By TOM GODFREY
The race for Ward 2 in Etobicoke North has been a rewarding and eye-opening experience for Somali-Canadian candidate, Munira Abukar.
Toronto Police are investigating a second incident in a week in which one of her election signs was vandalized and defaced with racial slurs.
The word “terrorist” was scrawled on the sign in red wax and a Nazi swastika was drawn over her face, with just days before Election Day on October 27.
“It is very frustrating,” Abukar told Share. “It has been an uphill battle and this just makes me more determined and I want to fight harder.”
The sign was found October 15 on the side of the road in the Scarlett Rd. and Lawrence Ave. W. area, she said.
“This is terrible and disheartening,” said Abukar, a community activist. “But it doesn’t hold us back and we are getting more support.”
Her first sign was defaced near Islington Ave. and Dixon Rd., on October 11. It had the words “go back home” written in a similar red wax, like that of lipstick.
Since then others have since lashed out against Abukar on social media, asking if she was born in Canada or “why is she dressed like that?”
Abukar, 22, said she is not scared, nor does she know who is attacking her with such hurtful words.
“This only makes me stronger and it will not slow us down,” she said. “I didn’t do anything to anyone and why would someone want to attack me?”
She said the campaign has been a great learning experience.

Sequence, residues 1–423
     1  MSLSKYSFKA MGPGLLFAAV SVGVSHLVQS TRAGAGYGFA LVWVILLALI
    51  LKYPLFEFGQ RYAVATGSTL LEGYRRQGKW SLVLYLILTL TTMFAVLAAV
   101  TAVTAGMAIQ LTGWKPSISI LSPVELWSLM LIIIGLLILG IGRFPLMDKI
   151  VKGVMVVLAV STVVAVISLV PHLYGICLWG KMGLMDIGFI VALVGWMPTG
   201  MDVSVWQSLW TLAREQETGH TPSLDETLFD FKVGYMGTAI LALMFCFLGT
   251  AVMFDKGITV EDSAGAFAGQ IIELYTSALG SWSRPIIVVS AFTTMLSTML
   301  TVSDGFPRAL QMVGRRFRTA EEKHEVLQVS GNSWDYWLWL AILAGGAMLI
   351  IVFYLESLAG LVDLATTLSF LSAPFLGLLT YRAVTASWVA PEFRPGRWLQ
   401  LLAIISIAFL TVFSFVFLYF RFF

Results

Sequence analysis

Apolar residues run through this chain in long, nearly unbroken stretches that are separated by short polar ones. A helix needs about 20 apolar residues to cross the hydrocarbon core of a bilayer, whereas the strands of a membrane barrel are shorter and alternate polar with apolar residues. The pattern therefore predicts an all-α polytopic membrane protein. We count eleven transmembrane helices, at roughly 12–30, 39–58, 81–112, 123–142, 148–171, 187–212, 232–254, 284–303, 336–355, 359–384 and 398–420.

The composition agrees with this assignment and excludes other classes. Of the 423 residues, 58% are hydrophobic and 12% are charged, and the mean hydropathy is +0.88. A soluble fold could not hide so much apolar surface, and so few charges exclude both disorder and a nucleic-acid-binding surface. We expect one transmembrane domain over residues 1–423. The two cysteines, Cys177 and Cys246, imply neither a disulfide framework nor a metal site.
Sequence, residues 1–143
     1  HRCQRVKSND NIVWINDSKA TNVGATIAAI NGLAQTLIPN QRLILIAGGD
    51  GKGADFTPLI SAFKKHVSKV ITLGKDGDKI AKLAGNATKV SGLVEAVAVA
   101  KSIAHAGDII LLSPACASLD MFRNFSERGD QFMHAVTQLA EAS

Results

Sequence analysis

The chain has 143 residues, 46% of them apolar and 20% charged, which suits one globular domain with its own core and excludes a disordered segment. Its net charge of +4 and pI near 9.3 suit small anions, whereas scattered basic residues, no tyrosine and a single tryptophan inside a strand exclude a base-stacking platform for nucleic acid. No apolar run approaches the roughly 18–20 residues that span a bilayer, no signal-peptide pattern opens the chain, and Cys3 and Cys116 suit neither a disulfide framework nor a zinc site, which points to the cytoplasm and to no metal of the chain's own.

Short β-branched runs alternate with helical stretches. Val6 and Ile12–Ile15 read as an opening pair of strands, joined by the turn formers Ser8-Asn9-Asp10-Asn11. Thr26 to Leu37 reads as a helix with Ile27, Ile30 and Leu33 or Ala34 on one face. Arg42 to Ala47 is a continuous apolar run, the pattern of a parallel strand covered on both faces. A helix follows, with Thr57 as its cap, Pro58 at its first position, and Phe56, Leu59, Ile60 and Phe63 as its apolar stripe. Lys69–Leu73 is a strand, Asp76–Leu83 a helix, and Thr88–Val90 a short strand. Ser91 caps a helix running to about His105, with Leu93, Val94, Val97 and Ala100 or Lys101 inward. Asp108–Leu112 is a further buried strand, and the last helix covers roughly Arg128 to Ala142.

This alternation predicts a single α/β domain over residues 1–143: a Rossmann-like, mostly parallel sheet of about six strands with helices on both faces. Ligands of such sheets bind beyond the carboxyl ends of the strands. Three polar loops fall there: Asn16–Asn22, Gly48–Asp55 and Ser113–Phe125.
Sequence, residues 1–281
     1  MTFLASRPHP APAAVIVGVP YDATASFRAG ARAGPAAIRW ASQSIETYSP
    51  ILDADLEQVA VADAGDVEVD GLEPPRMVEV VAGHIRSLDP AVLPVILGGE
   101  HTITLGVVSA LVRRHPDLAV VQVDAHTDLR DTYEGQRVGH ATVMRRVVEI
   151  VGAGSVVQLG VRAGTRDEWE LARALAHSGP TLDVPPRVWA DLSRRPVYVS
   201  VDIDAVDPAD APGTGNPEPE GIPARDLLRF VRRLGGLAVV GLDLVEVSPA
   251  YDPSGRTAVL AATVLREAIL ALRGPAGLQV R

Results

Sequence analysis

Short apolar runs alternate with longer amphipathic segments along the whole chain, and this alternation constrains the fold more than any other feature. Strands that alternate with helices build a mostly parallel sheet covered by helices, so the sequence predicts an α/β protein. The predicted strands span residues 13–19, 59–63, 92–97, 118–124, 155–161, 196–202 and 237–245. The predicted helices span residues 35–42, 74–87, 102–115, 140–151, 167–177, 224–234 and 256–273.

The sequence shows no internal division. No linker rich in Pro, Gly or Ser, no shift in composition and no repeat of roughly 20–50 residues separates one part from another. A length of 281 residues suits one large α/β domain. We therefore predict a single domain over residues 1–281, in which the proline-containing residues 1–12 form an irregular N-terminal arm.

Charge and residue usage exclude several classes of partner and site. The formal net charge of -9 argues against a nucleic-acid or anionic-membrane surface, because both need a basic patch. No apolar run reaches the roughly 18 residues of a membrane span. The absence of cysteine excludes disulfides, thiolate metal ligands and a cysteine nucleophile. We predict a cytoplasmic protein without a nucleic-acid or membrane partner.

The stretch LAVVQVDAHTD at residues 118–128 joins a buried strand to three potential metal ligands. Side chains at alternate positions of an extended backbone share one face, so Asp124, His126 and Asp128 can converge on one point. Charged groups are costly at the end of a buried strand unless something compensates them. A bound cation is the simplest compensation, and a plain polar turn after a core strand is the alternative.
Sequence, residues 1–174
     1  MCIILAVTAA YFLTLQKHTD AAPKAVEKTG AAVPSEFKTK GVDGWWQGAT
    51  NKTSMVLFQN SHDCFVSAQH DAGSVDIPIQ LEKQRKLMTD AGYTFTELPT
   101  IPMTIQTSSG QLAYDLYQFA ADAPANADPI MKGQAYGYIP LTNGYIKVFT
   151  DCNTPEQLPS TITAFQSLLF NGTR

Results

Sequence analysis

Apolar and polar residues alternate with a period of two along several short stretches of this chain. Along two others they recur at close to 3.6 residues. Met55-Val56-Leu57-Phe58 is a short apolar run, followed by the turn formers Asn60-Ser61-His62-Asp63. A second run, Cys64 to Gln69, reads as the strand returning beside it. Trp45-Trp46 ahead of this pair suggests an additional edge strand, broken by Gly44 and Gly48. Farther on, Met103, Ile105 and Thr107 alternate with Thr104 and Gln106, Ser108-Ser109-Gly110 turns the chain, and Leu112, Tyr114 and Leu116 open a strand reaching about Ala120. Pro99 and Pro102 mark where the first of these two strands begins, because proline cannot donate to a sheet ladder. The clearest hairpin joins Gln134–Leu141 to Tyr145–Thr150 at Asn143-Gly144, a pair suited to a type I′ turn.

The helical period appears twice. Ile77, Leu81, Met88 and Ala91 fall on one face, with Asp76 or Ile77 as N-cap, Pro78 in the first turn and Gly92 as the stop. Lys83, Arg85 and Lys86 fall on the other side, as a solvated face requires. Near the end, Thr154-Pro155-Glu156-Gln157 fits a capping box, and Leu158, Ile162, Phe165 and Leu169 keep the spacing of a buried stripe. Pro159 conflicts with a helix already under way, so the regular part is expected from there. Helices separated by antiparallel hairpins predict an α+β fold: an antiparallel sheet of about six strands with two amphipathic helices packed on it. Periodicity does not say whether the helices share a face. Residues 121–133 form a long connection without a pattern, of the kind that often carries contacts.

“Nearly all the people I have met have been great to me,” said Abukar. “I don’t know who would want to do this but I am not scared.”
The incidents appear to be the only instance during this election campaign in which racist graffiti were scrawled on a candidate’s political signs.
Abukar, who holds a degree in Criminology from Ryerson University, is recognized nationally for her advocacy and community work.
One of nine children, she is a director of Toronto Community Housing (TCHC) and sits on other committees.
Mayoral candidate, Olivia Chow, has also been the victim of racial remarks, including one person telling her to “go back to China” during a televised debate.
Abukar is among three Black candidates competing to try and stop Mayor Rob Ford from reclaiming Ward 2, which he previously held for 10 years. Ford withdrew from the Mayor’s race to run for the ward after being diagnosed with a rare form of cancer.
Candidate Benn Adeoba, a realtor, said it was a relatively clean campaign and his team did not receive any threats.
“We have been running a clean, respectful campaign,” Adeoba told Share. “We have not had any negative feedback in (those) regards.”
Candidate Andray Domise, who was touted as a frontrunner, said his team didn’t have any hostile encounters while knocking on thousands of doors.
“Our biggest challenge in this riding was the Ford brothers,” he said. “This ward has been neglected for far too long.”
Other visible minority candidates said the campaigns in their wards were “pretty clean”, with rare instances of signs being vandalized or stolen.
A photo of the first defaced sign was Tweeted by Abukar and social media soon erupted from her supporters and well-wishers.
Joyita Sengupta responded on social media that this election has brought out another side of Toronto.
“This election has really brought out Toronto’s uglier side but seeing all the support on Twitter for Munira keeps me hopeful,” she wrote.
Jane Farrow said Toronto is no place for racists.
“Proud that our city’s home to brilliant young women like Munira,” Farrow wrote. “No place here for anyone who thinks different.”
Lisa Barnoff said she’s had enough and pledged support.
“I admire your courage and strength,” she said. “Not in your ward but I will be making a donation to your campaign tonight.”